Economist Roland Fryer was concerned about the fate of students in America’s inner-city schools, and he had a crazy idea—could financial incentives influence the behavior of students, teachers, and parents? A natural enough question to be posed by an economist, but Freire was shocked by how many had financial incentives in education. repellent What gives, he asked? Middle-class parents won’t all the time???
Freire and a dedicated team set out to find out how they can improve outcomes for the nation’s most disadvantaged students, and in this episode, he discusses what they did and what they found with EconTalk host Russ Roberts.
During his research, Freire identified five characteristics of successful schools—what he called the “fundamental physics of learning.” These include 1) more time in school, 2) changing human capital strategies, 3) using data to inform instruction, 4) high-dose tutoring in small groups, and 5) a culture of high expectations. One of the most interesting parts of the dialogue is when Freire describes her grandmother’s reaction to her quest. As she exclaimed, “Why not them [all] doing it? Why is this revolutionary?” you Does it feel revolutionary? Can it be replicated? why is not Is every school doing it? let’s hear yours Use the prompts below to reply to thought comments or start your own conversation offline
1- Fryer and his colleagues found that generally, paying students for output did not work, but paying for input did. What does this mean in practice? How were Freire and his colleagues able to measure the price elasticity of incentives offered to their students? Again, what does this mean in practice? And perhaps most importantly, why did Fryer make this result? less Concerned about fostering the “love of learning” in these students? how you Feeling about this claim?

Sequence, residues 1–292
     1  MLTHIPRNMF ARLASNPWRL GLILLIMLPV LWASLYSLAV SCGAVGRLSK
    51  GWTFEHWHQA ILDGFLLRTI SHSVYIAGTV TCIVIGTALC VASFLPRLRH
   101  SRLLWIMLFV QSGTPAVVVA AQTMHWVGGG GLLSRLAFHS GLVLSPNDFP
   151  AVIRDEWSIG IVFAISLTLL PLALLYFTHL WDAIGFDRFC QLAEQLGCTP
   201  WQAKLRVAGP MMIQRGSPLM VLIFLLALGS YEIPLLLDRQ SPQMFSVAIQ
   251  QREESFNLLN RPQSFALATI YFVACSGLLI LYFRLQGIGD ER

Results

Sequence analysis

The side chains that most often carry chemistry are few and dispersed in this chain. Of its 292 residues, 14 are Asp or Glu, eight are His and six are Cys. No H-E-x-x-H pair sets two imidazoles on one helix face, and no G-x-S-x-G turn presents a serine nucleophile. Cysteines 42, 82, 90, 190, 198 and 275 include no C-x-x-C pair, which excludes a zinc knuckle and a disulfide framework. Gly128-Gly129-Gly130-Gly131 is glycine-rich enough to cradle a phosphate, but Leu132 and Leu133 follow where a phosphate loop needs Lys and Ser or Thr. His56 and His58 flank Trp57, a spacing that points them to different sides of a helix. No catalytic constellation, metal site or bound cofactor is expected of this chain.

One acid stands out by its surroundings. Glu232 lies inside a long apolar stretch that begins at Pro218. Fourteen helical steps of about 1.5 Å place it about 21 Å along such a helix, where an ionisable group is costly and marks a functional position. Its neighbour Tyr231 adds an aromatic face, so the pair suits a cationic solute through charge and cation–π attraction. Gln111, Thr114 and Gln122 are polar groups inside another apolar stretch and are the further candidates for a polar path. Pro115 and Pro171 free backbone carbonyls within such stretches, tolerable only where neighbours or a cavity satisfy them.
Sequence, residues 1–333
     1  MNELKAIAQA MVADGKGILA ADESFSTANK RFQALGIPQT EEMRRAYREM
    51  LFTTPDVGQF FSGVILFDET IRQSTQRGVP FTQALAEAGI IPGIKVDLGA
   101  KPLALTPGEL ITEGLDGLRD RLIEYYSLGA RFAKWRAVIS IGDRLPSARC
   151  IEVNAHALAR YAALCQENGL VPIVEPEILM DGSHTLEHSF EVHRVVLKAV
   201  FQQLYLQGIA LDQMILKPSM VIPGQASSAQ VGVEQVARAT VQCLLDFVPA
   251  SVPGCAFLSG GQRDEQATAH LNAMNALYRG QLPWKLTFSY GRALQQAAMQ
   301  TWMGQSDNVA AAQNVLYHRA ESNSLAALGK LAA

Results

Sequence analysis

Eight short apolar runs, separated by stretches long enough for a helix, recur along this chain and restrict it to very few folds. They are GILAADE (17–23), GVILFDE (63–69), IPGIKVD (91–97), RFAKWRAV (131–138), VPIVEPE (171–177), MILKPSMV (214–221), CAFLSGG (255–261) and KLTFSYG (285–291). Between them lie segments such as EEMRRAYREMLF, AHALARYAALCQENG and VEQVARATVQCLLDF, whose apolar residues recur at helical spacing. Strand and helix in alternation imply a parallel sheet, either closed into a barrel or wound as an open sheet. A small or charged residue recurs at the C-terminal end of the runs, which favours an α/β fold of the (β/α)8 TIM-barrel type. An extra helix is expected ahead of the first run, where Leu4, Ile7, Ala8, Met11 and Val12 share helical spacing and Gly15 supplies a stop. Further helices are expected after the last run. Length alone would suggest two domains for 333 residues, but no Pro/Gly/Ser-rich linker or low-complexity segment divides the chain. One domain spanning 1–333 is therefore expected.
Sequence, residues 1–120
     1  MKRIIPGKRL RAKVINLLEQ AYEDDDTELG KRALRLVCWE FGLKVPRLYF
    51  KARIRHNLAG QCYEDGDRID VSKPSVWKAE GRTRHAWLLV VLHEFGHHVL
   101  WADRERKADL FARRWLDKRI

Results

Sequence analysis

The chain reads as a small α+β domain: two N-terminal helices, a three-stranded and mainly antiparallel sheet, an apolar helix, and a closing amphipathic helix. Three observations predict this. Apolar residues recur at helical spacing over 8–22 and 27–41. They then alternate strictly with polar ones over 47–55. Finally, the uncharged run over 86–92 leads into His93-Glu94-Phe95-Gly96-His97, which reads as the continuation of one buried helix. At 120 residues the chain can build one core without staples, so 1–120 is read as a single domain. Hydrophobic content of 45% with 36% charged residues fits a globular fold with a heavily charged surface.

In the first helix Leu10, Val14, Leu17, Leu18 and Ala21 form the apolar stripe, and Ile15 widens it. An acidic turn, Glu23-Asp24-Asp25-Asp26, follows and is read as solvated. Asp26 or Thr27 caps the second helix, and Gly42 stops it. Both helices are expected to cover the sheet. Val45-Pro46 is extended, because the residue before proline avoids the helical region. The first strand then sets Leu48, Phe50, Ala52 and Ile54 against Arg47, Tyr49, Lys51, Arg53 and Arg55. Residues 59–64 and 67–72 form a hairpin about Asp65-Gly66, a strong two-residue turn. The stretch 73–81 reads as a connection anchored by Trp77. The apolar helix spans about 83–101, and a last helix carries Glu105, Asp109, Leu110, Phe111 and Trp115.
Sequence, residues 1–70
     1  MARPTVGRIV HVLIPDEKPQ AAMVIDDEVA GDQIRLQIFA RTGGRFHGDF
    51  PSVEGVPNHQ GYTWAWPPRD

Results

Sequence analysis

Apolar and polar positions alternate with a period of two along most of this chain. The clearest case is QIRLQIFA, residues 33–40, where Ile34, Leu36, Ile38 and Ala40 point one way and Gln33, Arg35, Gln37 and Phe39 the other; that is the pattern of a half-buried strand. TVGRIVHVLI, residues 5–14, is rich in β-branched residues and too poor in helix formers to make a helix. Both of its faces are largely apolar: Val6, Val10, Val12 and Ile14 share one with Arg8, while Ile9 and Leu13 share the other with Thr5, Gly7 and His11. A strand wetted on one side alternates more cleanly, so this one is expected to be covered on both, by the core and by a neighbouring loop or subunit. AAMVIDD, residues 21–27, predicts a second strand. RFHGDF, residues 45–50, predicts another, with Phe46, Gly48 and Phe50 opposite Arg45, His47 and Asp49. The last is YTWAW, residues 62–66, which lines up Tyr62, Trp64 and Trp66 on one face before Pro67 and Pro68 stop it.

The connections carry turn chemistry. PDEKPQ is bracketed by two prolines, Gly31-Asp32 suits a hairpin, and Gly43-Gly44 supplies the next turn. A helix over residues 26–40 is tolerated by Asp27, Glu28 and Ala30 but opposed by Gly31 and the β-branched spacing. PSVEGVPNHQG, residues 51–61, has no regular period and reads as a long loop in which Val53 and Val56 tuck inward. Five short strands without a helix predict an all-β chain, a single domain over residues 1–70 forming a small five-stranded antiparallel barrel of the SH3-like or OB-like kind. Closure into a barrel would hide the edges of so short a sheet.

2- Although Roberts reminds us all that implementing results like Freire’s is never easy, why? can’t Do we create a McDonald’s-like template (or a “popcorn” button) for education reform? Or in other words, how you Fryer’s grandmother answered?
3- Roberts asks Freire what one thing he would advise a failing school principal to do. What is the “one-two punch” Fryer suggests, and to what extent do you think it’s a reasonable suggestion?
4- Fryer notes the tremendous variation in charter school success, which makes them interesting research subjects. That is, although on average charter schools perform slightly better than traditional public schools, some fare a lot Well, and others a lot Poor Roberts asks Fryer, should charter schools expand? How would you rate Freire’s answer? how you The answer?
5- Both Roberts and Freire acknowledge frustration with the way we typically talk about parents and schools in poor neighborhoods. What kind of underlying prejudices does this type of conversation reveal? What does Fryer mean when he says that what we observe about the way poor parents like schools is more an information problem than a choice problem? How can we change the course of education reform if we change our approach to such decisions?